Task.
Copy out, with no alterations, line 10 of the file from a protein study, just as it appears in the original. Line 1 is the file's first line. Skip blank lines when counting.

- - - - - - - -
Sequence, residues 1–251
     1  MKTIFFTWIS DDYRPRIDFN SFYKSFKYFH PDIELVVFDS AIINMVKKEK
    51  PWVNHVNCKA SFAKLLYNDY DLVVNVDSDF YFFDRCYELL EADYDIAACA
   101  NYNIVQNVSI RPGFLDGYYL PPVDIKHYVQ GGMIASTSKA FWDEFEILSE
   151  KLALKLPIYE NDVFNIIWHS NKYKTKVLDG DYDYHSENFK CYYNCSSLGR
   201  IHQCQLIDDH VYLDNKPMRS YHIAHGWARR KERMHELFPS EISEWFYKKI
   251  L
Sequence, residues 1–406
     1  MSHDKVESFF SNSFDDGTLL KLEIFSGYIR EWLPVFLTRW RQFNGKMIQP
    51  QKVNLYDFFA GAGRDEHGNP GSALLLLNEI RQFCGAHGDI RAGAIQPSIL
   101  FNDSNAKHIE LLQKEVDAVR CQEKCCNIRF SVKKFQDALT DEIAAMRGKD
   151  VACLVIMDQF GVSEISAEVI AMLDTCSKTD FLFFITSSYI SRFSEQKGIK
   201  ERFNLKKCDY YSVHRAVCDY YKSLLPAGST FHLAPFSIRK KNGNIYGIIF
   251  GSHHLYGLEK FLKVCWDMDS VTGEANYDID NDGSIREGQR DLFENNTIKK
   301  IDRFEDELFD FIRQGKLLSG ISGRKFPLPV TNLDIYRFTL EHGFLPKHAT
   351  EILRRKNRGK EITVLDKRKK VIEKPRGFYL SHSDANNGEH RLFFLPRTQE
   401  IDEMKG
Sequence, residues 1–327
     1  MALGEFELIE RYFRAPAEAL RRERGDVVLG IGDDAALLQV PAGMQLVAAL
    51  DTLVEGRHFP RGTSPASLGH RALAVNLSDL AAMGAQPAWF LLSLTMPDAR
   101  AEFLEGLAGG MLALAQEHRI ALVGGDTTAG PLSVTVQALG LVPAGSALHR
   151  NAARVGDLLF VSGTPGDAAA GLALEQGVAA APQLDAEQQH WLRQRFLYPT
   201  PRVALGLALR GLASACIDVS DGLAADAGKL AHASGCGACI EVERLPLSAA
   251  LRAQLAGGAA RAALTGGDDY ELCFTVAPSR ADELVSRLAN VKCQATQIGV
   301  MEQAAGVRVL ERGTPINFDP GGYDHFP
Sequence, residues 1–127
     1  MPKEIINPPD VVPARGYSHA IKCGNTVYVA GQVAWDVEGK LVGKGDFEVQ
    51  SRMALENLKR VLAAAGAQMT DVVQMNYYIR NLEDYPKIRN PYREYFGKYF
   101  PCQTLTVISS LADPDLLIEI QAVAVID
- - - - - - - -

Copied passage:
    51  QKVNLYDFFA GAGRDEHGNP GSALLLLNEI RQFCGAHGDI RAGAIQPSIL